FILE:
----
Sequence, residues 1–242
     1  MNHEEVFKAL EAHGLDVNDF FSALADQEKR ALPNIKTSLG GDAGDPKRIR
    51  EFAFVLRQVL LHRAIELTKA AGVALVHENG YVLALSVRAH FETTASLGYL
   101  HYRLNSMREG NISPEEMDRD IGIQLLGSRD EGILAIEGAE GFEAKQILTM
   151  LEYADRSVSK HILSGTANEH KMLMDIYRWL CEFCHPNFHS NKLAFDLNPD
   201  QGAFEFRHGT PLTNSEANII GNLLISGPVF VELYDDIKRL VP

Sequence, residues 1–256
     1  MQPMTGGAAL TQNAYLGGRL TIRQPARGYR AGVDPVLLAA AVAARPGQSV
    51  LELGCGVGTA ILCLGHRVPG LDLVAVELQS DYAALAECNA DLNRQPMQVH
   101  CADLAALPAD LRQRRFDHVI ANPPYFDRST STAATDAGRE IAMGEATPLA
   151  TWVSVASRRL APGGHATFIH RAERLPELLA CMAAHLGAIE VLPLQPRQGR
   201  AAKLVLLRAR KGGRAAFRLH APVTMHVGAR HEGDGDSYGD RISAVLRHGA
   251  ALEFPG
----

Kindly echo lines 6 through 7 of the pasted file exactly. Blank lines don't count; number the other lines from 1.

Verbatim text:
   201  QGAFEFRHGT PLTNSEANII GNLLISGPVF VELYDDIKRL VP

Sequence, residues 1–256